“Hauw! Good! But you need to ask whether they are sucking well.” She rattles off a phrase and illustrates it by grasping her own breast through her clothes and waving it to illustrate her point. The family members grin at me as I repeat the phrase a couple of times. It does not stick in my mind – I am a little distracted by the emphatic mammary tissue. I can feel myself beginning to flush with mild embarrassment and make my hasty broken-Zulu farewells. “You will be speaking properly soon – Zulu is very easy!” Matron calls after me as I back away.

Tuesday, 17 April 2007

The Heliemetry

The Hlabisa Hospital Heliemetry

I am in outpatients. Abruptly a roaring, vibrating sound fills the air and thunders over the building. “What was that?” I ask Mr Zulu, the nurse in charge of OPD. He does not know. I wander outside but can see nothing to explain it. Shrugging mentally I return to my consulting cubicle.

Half an hour later I am walking back to my flat for lunch. The road to the residences is lined by a high wall. The wall is new, built in the last couple of years. I have never really thought about what lies behind it. Today however rising high above the wall are the blades of a helicopter rotor. I walk around the corner and find an open gate. A strange and incongruous site greets me. The helicopter dominates the grassed area the wall contains. It is new, painted in the classic colours of the emergency medical rescue services across the world. And it sits in the middle of a grave yard.

The wall has clearly been built to hide the hospital cemetery, a facility which presumably seemed appropriate when the Lutheran mission out of which the hospital grew was first founded in the 1930s. A couple of years ago I imagine someone in the Department of Health felt that it was inappropriate welcome for patients and visitors arriving at their local (and only) health care facility.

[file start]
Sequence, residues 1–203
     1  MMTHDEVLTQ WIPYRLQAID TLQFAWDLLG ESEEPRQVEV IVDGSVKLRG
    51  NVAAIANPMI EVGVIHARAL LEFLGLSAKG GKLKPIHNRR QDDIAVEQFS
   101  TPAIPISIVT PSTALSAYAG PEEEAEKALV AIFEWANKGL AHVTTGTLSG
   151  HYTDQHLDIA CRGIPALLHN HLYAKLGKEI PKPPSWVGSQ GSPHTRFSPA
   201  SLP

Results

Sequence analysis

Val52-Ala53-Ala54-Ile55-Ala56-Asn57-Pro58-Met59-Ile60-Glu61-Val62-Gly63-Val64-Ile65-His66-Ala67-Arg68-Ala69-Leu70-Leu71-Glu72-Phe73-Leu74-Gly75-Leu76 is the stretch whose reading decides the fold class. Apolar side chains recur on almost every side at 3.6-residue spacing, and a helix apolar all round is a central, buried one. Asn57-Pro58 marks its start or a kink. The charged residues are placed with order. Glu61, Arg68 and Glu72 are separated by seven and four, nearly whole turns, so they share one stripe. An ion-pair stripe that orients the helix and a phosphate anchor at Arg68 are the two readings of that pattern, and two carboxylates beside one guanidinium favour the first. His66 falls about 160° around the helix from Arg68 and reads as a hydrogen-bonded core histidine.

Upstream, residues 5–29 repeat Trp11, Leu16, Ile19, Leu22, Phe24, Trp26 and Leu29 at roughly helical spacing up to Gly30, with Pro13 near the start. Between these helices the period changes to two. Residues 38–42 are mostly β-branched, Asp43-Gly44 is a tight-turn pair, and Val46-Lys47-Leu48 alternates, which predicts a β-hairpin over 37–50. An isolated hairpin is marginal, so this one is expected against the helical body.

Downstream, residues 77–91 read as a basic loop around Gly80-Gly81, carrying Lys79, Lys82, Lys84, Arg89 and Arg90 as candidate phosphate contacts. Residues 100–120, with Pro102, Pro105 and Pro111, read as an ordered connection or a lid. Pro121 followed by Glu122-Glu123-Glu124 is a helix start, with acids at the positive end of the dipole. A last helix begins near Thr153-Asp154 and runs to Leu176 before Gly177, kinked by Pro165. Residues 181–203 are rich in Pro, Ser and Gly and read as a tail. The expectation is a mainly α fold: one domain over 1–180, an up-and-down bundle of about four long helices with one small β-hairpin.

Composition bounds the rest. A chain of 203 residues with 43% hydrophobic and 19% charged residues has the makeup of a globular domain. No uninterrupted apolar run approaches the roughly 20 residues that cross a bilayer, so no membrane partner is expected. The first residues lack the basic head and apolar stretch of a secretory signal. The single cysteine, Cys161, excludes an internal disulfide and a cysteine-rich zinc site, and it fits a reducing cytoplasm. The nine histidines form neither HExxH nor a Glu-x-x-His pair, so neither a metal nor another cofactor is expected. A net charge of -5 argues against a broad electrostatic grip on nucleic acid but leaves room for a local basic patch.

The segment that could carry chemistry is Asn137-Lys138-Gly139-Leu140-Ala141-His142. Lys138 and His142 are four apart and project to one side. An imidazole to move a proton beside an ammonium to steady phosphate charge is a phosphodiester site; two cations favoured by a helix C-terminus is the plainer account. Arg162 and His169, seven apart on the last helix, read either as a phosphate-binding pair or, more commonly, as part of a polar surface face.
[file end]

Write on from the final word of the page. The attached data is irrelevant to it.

I run to get my camera. But by my return the helicopter has left. All that remain are a few onlookers eating their lunch on the gravestones.

Saturday, 14 April 2007

Sister Amen

It is my last day on T ward. The doctor I have been covering for these last weeks is back from the UK on Monday and I will be moving to outpatients. I am working my way around the male half of the ward with Sister Hlabisa. Surnames are often taken from the location and there are a lot of Sister Hlabisas. I call her Sister Amen on account of her involuntary exclamations of praise.

I examine the chest X-ray of a 20-something man admitted with pus in his chest as a result of TB. I put in a drain last week and after the initial 2 litres drained only a few millilitres drain each day now. The X-ray confirms that the pus is gone and the lung fully re-inflated. “Very good,” I tell Sister, “this drain can come out today.”

“Amen!” proclaims Sister. She explains to the patient who grins, gives me 2 thumbs up saying “Sharp sharp!” which apparently means “Cool”.

The next patient has completed 2 months of inpatient TB therapy which required injections – he lived too far from his local clinic to make the daily journey. He speaks fluent English and we have enjoyed our brief daily chats. “Hey doctor, I will miss your rounds when I am gone. I will miss your smiling.” I am wearing an enormous duck-bill like respirator mask and ask how on earth he could know whether or not I was smiling. He grins. “Your ears go up.”

I write up his take-home medication and hand it to sister. “Praise the Lord!” she proclaims.